The UK is “actively considering” starting legal proceedings against France due to its threats over fishing licences as cross-Channel tensions deteriorated.
Brexit minister Lord Frost has warned the European Union it would be “in breach of its obligations” under the post-Brexit trade deal with the UK if Paris carries out its threats to block British boats from landing their catch at French ports while tightening checks on vessels.
France has given the UK until Tuesday to grant more licences for small French boats to fish in British waters or face border and port sanctions.
But the UK has warned France that, if it does act next week, then it is prepared to kick-start legal proceedings, arguing that Paris will have violated the terms of the trade agreement with Brussels.
Both Boris Johnson and Lord Frost have stepped up their lobbying of the EU in a bid to encourage bloc leaders to pull France back from its proposed reaction.
In a meeting with the EU’s top official, Ursula von der Leyen, at the G20 in Rome, Downing Street said the Prime Minister warned that the threats did “not appear to be compatible with the UK-EU Trade Co-operation Agreement (TCA) or wider international law”.
The comments came after Johnson had refused to rule out triggering the dispute mechanism resolution clause in the trade agreement – which could result in fines or even the treaty being suspended – if France does not back down.
Lord Frost on Saturday repeated his assertion that the UK was prepared to commission legal action as a result of the fishing dispute.
In a series of tweets, the Conservative peer rallied against comments made by French prime minister Jean Castex in a letter to European Commission president Ms von der Leyen, that the UK should be shown “it causes more damage to leave the EU than to stay in”.
Lord Frost said: “To see it expressed in this way is clearly very troubling and very problematic in the current context when we are trying to solve many highly sensitive issues, including on the Northern Ireland Protocol.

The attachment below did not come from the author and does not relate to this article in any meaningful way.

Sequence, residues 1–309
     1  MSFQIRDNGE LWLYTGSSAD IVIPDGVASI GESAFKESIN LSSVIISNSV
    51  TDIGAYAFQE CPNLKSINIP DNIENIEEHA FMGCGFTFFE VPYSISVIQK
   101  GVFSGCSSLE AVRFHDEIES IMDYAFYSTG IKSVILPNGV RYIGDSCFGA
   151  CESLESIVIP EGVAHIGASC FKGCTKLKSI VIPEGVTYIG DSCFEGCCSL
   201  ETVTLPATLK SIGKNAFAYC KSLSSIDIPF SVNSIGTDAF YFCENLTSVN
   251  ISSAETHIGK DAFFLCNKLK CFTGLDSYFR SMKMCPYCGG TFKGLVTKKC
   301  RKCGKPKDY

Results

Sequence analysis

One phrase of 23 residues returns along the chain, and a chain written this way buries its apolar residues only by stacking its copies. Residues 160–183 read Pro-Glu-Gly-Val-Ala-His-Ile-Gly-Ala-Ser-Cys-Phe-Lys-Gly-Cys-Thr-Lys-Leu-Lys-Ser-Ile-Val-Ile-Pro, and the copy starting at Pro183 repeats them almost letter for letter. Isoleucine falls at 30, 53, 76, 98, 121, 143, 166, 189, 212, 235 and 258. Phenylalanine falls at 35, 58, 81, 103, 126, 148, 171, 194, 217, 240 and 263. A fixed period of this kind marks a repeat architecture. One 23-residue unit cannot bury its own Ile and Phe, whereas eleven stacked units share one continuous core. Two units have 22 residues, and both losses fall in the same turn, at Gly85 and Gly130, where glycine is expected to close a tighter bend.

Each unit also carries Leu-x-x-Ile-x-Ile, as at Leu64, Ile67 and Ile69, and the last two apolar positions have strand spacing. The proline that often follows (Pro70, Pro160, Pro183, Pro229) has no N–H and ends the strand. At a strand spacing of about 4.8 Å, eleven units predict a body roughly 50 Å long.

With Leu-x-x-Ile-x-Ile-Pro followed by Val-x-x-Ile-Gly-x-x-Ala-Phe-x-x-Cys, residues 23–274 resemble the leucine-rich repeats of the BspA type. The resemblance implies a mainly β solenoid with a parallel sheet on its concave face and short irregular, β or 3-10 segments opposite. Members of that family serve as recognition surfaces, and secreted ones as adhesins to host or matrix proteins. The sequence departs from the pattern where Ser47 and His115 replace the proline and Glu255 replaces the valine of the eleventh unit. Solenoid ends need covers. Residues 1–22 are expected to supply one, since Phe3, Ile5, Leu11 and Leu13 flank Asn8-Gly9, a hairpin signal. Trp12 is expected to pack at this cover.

“This is all the more so as the threats made by France this week to our fishing industry, to energy supplies, and to future co-operation, for example through the Horizon research programme, unfortunately form part of a pattern that has persisted for much of this year.
“As I set out yesterday to (European Commission vice-president) Maros Sefcovic, these threats, if implemented on November 2, would put the EU in breach of its obligations under our trade agreement.
“So we are actively considering launching dispute settlement proceedings as set out in Article 738 of the TCA.”
The Prime Minister and French president Emmanuel Macron are due to talk on the margins of the G20 summit this weekend, with suggestions they could meet on Saturday.
During interviews in Rome, Johnson left the door open to finding a resolution with Mr Macron as he described the UK as being “very keen to work with our friends and partners”.
Johnson repeated the statement he made on the plane over to Italy, vowing to “take steps to protect UK interests” if there is a breach of the TCA with the EU.
At the centre of the dispute are the licences for small boats, which are issued only if the vessels can demonstrate a history of fishing in British waters.
According to No 10, Johnson stressed during his conversation with Ms von der Leyen that the UK was “happy to consider any further evidence” for licence applications which had been rejected. The UK has said only 2% of EU licence bids had been denied.
In comments made before the Rome talks, a commission spokesman said the trade deal made provision that “vessels who were fishing in these waters before (Brexit) should be allowed to continue” and implored Britain to look at each case, “boat-by-boat”.
The wrangle over fishing access escalated this week after French authorities detained a Scottish-registered scallop dredger after accusing it of fishing without a licence.
The captain of the Cornelis Gert Jan vessel, understood to be an Irish national, has been told to face a court hearing in August next year.
Foreign secretary Liz Truss took the rare step of ordering an allied nation’s envoy to be summoned as she called Catherine Colonna, French ambassador to the UK, to the Foreign Office on Friday afternoon to challenge her over France’s stance.